Xiaomi Bluetooth thermometers can be hacked because, of course, they can

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Xiaomi has a number of cheap and good-looking Bluetooth thermometers and hygrometers. One nice thing about these gadgets, is that ESPHome and an ESP32 can be used to feed the data directly in to Home Assistant, without the need of any apps. As it turns out, three of them can also be hacked.


Xiaomi Miaomiaoce

The Bluetooth enabled and hackable Xiaomi Miaomiaoce (MHO-C401)

Xiaomi Mijia Bluetooth Thermometer 2

The Bluetooth enabled and hackable Xiaomi Mijia Bluetooth Thermometer 2 (LYWSD03MMC)

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Qingping Monitor

The Bluetooth enabled and hackable Qingping Monitor CGG1-MIJIA

When buying one of the Bluetooth thermometers, intending to flash the custom firmware, take note of the model. There is, for example, also an identical looking CGG1H from Qingping, which isn’t capable of being flashed.

How to install custom firmware on Xiaomi Bluetooth thermometers

The installation of the custom firmware for the Xiaomi thermometers and hygrometer couldn’t be easier. You open the Telink Flasher for Mi Thermostat tool, wait for your browser to discover the device, and press connect.

You do not have to pair the device with your computer. Google Chrome, Microsoft Edge or Opera will take care of everything.

Once your Xiaomi thermometer connects, you click on the Do Activation button to start the decryption key process.

You can now install the custom firmware. Alternatively, you can also flash the original firmware, if you wish to do.

What the custom firmware for Xiaomi Bluetooth thermometers can do

Using the custom firmware, you can set an offset for the temperature and humidity sensory. If you have a sensor you know to be correct, you can compare it to the Xiaomi Bluetooth thermometers to figure out the exact offset.


Perhaps a more interesting feature of the custom firmware, is the ability to configure multiple pages. By ticking the according boxes, you can enable interval rotation between different data fields. Available options are the temperature/humidity, battery percentage, and current time.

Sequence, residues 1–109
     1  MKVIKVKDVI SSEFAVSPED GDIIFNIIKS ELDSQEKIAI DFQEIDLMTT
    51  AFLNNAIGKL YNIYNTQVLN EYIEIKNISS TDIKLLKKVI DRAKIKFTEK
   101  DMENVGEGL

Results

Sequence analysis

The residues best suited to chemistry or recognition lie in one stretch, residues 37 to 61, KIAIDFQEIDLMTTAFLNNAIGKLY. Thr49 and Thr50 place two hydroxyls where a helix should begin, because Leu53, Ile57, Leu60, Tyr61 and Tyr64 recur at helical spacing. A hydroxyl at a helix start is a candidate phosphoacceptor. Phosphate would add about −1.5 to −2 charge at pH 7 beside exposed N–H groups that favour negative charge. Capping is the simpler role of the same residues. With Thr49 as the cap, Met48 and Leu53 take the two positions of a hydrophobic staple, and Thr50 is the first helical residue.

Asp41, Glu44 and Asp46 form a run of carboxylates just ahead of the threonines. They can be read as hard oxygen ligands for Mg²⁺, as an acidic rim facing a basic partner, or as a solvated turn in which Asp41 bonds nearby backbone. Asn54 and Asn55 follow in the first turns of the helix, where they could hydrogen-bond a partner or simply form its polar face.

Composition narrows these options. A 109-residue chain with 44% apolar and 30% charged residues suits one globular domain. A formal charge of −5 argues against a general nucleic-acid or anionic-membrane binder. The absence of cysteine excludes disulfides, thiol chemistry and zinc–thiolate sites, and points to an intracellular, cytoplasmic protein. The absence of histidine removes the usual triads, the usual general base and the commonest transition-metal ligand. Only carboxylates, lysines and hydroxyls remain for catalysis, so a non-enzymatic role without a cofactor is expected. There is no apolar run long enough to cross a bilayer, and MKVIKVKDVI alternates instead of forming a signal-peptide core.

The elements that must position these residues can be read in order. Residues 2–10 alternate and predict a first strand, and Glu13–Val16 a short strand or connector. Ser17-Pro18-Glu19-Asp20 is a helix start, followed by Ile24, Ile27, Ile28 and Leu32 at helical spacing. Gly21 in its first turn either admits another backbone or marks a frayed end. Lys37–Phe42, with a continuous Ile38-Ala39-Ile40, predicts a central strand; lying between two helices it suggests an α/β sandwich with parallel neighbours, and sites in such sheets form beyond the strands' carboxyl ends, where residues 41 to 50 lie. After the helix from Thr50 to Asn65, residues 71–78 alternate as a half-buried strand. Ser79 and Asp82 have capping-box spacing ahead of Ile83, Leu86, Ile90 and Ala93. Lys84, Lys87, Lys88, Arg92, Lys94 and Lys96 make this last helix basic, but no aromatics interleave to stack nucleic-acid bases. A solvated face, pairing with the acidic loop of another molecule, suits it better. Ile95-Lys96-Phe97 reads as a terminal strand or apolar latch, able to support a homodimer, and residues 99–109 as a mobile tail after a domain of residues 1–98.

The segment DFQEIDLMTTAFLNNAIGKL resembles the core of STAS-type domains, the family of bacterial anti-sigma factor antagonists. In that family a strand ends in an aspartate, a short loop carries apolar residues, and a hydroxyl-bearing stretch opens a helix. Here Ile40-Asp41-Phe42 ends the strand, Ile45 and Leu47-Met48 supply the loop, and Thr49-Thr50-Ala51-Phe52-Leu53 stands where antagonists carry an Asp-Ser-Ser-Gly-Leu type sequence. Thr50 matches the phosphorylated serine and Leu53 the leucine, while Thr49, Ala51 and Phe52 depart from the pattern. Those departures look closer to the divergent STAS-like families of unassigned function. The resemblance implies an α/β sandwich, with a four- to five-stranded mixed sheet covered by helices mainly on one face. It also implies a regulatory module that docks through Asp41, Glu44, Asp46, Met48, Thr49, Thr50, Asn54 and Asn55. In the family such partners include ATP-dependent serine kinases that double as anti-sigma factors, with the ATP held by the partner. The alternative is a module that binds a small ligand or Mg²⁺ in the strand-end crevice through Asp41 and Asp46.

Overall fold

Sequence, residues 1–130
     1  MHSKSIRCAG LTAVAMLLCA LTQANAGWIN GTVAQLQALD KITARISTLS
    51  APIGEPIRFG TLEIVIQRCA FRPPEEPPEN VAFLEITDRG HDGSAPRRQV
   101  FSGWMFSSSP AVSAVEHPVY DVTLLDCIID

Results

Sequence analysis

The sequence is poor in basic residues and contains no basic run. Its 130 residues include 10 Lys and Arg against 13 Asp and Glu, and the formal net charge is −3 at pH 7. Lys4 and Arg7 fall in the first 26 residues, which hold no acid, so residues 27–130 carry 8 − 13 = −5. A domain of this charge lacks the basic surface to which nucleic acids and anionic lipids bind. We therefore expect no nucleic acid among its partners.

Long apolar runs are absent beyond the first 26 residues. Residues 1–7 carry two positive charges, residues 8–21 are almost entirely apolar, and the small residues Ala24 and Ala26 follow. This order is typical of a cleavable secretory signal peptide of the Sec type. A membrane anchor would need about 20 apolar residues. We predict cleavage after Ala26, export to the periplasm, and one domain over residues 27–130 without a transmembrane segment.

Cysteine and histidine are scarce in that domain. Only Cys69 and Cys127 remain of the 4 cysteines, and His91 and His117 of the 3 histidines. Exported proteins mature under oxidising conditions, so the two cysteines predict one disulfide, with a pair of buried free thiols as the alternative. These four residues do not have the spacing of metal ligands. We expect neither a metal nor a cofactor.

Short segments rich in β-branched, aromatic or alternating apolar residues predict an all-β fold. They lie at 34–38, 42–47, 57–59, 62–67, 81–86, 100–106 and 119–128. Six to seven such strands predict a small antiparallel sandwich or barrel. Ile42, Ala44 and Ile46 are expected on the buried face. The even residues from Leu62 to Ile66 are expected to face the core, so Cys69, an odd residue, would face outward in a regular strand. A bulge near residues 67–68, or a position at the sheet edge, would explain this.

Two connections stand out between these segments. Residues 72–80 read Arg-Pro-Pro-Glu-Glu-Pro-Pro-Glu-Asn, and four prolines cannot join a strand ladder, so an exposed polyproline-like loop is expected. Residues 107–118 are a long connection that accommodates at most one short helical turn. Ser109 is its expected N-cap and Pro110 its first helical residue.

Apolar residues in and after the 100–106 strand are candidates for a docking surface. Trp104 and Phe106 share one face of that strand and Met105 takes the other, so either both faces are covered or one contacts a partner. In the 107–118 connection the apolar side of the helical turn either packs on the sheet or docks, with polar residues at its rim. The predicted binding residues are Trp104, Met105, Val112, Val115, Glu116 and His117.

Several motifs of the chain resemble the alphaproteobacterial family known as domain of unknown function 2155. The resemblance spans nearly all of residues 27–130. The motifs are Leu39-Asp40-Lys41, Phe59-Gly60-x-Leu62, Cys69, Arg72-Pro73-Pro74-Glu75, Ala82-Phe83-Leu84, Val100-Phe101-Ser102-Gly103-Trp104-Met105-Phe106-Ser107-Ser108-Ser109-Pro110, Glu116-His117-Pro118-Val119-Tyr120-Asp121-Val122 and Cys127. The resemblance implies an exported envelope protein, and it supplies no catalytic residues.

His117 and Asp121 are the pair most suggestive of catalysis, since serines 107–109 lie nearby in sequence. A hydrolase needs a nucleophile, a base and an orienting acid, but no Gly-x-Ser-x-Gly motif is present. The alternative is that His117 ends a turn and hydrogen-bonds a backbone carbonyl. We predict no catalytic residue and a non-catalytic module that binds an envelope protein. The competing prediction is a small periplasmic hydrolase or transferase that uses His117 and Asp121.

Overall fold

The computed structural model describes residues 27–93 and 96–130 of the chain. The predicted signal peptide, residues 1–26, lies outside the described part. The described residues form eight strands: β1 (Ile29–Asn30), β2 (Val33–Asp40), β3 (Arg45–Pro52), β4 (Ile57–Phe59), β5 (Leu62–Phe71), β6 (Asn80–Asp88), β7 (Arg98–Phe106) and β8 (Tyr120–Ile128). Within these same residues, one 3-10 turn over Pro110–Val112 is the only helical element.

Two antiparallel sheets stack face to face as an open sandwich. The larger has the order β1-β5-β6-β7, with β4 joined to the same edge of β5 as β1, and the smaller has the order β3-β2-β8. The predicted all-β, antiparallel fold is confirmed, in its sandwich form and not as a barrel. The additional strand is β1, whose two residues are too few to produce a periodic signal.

You can also configure the smiley that is present on these devices. You can have it always display the same, happy looking smiley, or it can be set to react to the current temperature and humidity. The happy zone can be changed to fit your preference. Further configuration options can be found in the GitHub repository.


Xiaomi Bluetooth thermometer hardware modifications

To nobody’s surprise, there are also several hardware modifications that give can make the tiny Xiaomi thermometer even more useful. You can solder a reed switch on to the board, which allows it to act as a window/door sensor. Others have added rechargeable batteries and solar panels to their thermometer.

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Liam Alexander Colman, the author and maintainer of Home Assistant Guides.

About Liam Alexander Colman

Liam Alexander Colman has been using Home Assistant for various projects for quite some time. What started off with a Raspberry Pi quickly became three Raspberry Pis and eventually a full-blown server. I now use Unraid as my operating system, and Home Assistant happily runs in a Docker container. My personal setup includes many Zigbee devices as well as integrations with existing products such as my Android TV box. Read on to find out more on how I got started with Home Assistant.

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